NESRI Media Center

New White House Initiative Builds on Community-Led Efforts to Improve Outcomes for Young Boys and Men of Color

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The Dignity in Schools Campaign (DSC) is excited that the Obama administration has launched the My Brother’s Keeper Initiative and applauds the administration’s strong commitment to invest in a brighter future for our young people, specifically young boys and men of color. It is an important milestone in a movement involving our membership, comprised of students, parents, teachers, community-based organizations and advocates from across the country who are working everyday to ensure that all young people have the human right to a quality education and to be treated with dignity in their schools. 

“Critical to supporting young boys and men of color in reaching their full potential is changing the way our schools approach discipline. The My Brother’s Keeper Initiative builds on federal guidance released in January directing schools to end the racial discrimination in school discipline that leads to Black and Latino boys being suspended, expelled and arrested at higher rates than their peers. Schools must prioritize providing students with counseling, positive interventions and supports to use discipline as a teaching moment and keep students in school,” said Fernando Martinez of the Dignity in Schools Campaign. 

Over the past year, Dignity in Schools Campaign members from Boston to Los Angeles to Greenville, Mississippi have won policy changes to reduce suspensions and arrests in schools and implement positive approaches to discipline proven to reduce disruption and improve educational outcomes for all students.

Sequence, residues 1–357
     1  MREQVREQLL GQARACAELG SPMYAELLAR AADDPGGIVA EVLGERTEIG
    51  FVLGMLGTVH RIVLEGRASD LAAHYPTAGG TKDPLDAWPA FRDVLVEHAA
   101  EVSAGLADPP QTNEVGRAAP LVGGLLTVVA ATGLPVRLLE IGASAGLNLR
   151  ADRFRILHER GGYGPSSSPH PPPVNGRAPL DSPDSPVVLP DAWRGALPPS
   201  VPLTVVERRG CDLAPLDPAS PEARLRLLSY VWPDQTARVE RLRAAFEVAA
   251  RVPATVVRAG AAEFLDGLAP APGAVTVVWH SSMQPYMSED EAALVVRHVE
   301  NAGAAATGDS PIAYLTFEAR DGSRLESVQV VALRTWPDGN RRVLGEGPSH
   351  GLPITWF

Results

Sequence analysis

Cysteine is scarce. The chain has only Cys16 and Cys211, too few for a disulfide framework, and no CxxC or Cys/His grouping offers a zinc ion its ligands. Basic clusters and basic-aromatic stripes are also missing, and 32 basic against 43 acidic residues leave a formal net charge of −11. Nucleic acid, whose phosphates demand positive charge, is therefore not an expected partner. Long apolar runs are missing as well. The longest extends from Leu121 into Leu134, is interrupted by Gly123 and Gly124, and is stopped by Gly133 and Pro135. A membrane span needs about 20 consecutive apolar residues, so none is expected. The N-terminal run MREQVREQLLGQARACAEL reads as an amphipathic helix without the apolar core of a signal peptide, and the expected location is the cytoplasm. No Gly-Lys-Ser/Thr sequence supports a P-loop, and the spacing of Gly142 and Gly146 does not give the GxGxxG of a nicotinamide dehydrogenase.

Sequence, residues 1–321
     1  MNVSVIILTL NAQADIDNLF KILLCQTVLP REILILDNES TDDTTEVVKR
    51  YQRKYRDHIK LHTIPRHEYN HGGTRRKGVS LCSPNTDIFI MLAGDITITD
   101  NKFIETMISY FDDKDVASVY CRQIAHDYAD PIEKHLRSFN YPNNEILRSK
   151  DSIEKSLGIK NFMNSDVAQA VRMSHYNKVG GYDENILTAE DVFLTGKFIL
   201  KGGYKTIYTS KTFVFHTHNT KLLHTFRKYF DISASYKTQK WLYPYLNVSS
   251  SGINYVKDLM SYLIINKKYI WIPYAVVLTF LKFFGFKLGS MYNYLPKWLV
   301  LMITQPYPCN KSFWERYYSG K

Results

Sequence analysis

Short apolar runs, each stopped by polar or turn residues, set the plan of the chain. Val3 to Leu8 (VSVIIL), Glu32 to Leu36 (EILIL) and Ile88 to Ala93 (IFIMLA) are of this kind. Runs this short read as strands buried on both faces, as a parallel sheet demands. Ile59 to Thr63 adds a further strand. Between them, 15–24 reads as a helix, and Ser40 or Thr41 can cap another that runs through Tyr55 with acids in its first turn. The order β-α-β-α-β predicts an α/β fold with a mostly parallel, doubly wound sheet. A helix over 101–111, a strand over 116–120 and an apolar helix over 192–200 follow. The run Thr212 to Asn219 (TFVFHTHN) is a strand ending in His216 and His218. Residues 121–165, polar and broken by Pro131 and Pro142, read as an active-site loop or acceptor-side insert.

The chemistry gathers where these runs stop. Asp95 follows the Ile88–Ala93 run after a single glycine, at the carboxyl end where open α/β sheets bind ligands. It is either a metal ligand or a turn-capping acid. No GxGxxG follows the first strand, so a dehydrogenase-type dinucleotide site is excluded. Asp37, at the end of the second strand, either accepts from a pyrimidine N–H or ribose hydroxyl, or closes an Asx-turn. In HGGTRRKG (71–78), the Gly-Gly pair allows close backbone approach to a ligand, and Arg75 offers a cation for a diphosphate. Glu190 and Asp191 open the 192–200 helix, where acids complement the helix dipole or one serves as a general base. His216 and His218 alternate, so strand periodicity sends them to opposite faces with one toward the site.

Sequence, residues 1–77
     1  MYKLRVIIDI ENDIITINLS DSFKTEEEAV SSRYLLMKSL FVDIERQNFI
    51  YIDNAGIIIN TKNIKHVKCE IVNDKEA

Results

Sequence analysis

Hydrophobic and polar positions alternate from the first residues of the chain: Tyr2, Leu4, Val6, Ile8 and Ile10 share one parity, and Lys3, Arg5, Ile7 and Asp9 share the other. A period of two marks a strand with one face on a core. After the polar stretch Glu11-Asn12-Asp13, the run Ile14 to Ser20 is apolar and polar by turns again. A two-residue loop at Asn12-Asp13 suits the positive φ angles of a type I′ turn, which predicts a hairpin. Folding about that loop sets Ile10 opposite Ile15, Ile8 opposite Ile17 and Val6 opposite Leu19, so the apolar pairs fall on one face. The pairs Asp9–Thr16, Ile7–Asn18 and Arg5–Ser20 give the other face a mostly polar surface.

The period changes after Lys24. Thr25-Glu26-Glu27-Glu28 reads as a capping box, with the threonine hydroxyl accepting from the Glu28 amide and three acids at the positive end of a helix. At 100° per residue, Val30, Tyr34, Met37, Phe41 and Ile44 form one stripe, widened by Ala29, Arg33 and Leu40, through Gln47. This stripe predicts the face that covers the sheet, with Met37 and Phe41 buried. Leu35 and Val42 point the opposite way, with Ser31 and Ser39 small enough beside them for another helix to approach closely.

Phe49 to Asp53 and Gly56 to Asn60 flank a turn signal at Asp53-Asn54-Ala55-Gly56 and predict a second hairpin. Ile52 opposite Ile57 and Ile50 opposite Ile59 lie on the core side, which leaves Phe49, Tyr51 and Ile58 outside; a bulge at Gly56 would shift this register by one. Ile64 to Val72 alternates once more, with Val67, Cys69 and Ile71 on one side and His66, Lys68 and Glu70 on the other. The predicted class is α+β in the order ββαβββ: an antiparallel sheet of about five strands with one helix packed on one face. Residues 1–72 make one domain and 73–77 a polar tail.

In Paterson, NJ, the Parent Education Organizing Council (PEOC) and Paterson Education Fund engaged the School Board to pass a resolution instituting a moratorium on out-of-school suspensions for minor Level 1 behaviors, like willful disobedience and violations of the dress code. National research shows that suspensions for these minor, subjective behaviors generate disproportionate rates of exclusion for Black and Latino youth. The Resolution also gave the district one year to implement positive alternatives to suspension. Since then, the district has dramatically increased the number of schools in Paterson using positive behavior interventions and supports.

“We as adults have an obligation to support young people in developing the skills and tools they need to lead healthy and productive lives, rather than school discipline policies that punish and exclude them from the classroom,” added Martinez. 

The DSC has created a Model Code intended to guide school districts around the country to adopt better approaches to discipline, such as restorative justice and positive behavior interventions and supports. When schools protect the right to education and dignity of every student and strive to keep them in school, young people will succeed.

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